Once pressed, the grapes designated for domestic use were brought to the cellar (canténna) and poured into vats (tinàz) prepared for this purpose to assure proper sealing. Each vat was filled to within a palm’s distance from the edge, leaving room for the liquid to rise. The must was left to ferment (bóier) for 5 to 12 days. At the end of this phase, a straw (canèla) was inserted into the vat to begin soutirage, the first phase of filtering.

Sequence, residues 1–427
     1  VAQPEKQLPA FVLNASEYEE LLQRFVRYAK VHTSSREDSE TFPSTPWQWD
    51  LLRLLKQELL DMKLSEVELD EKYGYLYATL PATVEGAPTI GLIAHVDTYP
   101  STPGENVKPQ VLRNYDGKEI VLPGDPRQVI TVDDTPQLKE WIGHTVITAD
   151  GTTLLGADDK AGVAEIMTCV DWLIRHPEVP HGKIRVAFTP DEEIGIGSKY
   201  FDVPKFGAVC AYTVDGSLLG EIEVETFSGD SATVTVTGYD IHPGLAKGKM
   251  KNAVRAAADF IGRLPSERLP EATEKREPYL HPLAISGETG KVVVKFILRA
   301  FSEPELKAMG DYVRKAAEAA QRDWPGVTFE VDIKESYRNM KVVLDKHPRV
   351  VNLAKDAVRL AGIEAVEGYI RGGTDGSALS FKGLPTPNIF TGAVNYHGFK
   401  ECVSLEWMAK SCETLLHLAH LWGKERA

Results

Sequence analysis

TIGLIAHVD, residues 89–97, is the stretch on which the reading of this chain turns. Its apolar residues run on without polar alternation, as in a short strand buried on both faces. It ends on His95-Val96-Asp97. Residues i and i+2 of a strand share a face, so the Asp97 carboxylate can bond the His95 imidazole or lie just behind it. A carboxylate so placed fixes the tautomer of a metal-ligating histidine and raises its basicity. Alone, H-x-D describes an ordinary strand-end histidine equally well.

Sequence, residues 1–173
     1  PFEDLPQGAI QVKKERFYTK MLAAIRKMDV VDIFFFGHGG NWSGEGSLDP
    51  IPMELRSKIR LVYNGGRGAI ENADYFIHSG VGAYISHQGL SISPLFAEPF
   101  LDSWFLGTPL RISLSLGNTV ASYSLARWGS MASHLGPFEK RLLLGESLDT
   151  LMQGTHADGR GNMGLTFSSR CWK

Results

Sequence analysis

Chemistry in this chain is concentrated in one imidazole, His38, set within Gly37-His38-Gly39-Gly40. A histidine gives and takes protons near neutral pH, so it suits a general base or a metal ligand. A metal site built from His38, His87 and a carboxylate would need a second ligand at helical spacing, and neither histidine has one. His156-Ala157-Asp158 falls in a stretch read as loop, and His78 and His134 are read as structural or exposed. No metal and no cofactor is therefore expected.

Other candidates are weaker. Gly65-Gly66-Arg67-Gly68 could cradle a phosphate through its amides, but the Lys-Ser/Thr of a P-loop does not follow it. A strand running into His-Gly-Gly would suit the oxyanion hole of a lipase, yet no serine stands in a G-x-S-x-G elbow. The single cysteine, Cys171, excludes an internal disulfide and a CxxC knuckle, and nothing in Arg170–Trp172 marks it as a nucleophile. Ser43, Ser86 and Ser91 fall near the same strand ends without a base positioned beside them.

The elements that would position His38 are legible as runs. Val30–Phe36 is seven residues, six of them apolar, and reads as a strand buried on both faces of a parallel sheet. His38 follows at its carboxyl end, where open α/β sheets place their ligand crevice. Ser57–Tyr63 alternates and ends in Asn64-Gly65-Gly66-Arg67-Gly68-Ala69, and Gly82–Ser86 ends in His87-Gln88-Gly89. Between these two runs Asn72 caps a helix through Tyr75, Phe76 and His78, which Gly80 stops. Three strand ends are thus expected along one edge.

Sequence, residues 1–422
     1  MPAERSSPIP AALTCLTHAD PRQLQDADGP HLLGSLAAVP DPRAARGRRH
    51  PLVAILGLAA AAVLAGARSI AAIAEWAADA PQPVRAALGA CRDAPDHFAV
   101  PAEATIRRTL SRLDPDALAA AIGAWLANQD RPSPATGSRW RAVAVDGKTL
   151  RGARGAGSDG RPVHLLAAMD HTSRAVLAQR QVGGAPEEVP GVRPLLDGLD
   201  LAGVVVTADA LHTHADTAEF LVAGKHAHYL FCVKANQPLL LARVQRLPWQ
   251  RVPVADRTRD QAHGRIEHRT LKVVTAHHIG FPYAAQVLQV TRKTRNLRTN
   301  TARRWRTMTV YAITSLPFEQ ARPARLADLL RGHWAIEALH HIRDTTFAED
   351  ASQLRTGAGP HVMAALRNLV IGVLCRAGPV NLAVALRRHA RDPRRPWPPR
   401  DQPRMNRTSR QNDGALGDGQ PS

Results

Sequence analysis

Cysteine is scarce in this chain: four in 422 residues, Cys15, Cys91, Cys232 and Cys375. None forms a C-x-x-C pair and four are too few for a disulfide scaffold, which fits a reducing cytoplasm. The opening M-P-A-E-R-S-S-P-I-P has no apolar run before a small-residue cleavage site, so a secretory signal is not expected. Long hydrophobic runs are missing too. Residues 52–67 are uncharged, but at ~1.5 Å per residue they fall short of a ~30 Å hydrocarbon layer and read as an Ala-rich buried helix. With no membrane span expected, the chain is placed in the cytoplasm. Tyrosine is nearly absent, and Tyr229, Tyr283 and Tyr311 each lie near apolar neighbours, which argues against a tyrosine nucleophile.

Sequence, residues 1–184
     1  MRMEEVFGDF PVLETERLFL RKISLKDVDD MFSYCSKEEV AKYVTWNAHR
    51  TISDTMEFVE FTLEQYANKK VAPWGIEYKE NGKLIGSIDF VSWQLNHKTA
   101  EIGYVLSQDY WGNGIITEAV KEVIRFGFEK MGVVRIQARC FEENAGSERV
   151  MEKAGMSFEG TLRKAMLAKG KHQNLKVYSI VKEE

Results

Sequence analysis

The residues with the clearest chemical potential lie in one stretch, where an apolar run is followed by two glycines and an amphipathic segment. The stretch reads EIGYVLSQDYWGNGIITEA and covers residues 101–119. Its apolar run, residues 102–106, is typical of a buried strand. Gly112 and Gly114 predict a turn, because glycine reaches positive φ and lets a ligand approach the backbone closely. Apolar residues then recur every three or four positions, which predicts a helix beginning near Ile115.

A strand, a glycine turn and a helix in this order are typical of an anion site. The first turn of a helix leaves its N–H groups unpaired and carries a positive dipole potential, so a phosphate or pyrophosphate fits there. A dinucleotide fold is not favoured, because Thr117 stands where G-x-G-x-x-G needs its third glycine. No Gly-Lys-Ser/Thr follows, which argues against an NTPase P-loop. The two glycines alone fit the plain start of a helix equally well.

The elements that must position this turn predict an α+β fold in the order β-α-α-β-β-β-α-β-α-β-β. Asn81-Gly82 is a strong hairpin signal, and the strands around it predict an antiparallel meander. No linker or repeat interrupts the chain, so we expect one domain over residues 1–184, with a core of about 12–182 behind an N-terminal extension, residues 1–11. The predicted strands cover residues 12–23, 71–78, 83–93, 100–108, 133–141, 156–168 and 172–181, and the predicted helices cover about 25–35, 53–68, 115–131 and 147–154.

The liquid was transferred into wooden tubs and from there into barrels using a large wooden funnel (salvavènna) or into demijohns (zucòn, damigèna) with a metal funnel (buvinèl, buinèl). In order to allow the fermentation process to continue, both of these containers were temporarily closed with a terracotta or wood bowl (cucòn), with tins punctured with holesor with paper folded into a cone shape. Water was added to the marc that remained in the vats, creating “second” or “half wine” (mèz vén, tarzanèl). Alternatively, the marc could also be extracted from the vat and squeezed through a press (tórc’) to obtain a bitter drink rich in tannins known as la turciadùra.